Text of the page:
Sentences like "we could deliver a year's worth of prenatal care, immunizations, ...[etc.]... for less than what it costs to finance three weeks of Desert Storm" reveal the authors basic sentiments, and are almost enough to make me dismiss her out of hand. But I am not going to.
I agree that we have serious problems in this country. I agree that we need to strengthen our sense of community, and that growing up in a two parent nuclear family isn't the only way to do it. I even agree that we need government involvement to help us overcome our challenges.
However, I believe that outsourcing our sense of community to government bureaucrats is not the answer. What do I mean by this? Raising taxes to pay for more social programs undermines our sense of community and trust. Our contribution to society, as well as our entitlements, are centered on a distant and impersonal machine. Our participation is mandatory and requires no understanding or empathy.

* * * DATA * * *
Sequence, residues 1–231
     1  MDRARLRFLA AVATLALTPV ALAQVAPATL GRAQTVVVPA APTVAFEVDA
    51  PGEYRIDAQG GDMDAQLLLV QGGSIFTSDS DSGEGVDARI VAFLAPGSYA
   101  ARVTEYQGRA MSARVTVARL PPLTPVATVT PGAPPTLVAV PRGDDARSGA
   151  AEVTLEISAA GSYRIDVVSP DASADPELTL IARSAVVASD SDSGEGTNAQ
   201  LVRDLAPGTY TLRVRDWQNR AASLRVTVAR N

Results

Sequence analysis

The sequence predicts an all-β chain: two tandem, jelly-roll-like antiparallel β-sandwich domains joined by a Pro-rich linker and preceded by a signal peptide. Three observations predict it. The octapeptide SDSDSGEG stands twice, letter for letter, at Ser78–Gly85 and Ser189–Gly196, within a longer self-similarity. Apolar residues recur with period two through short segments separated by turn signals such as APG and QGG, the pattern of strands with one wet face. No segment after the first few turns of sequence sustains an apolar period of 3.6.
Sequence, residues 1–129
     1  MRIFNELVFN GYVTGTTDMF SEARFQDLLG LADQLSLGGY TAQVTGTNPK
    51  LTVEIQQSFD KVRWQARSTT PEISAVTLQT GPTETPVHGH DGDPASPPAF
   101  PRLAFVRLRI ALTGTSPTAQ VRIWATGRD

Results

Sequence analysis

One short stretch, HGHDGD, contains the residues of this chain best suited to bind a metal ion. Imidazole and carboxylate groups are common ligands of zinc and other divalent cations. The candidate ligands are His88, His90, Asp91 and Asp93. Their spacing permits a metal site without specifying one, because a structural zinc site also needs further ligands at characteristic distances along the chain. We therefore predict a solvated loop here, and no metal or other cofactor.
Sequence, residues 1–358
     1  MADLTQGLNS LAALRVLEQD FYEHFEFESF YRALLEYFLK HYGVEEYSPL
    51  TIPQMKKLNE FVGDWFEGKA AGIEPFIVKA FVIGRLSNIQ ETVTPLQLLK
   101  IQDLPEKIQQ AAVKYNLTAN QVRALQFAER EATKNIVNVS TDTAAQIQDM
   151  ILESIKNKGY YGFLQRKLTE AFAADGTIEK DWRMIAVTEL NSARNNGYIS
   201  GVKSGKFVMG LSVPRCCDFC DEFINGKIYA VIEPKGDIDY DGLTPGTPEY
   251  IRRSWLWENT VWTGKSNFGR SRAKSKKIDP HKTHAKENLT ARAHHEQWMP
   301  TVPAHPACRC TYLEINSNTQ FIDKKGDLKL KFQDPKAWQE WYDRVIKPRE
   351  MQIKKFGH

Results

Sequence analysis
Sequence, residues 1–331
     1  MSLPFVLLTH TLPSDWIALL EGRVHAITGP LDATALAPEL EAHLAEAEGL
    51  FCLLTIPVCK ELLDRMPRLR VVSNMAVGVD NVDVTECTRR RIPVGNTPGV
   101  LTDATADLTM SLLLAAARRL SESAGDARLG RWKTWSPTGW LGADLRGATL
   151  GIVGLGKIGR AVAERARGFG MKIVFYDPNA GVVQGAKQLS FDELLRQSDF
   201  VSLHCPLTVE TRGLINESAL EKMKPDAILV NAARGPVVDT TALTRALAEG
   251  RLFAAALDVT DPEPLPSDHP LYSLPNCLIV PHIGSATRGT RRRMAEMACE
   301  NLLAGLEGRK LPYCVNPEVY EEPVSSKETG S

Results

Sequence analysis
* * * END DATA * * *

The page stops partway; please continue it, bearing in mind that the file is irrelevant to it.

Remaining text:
Trust and cooperation are undeniably important, and these sentiments must be channeled through social institutions in order to be effective. But if we allow ourselves to become bystanders in our own social institutions, the very foundations of civic virtue that made them possible in the first place will be undermined.
We need a government that invites and facilitates cooperation. We need a institutions that inform and empower us. Taxing us to pay for programs deemed worthy by the bureaucracy isn't the way to do this. But there is another way. I have written about one promising alternative here. Tell me what you think.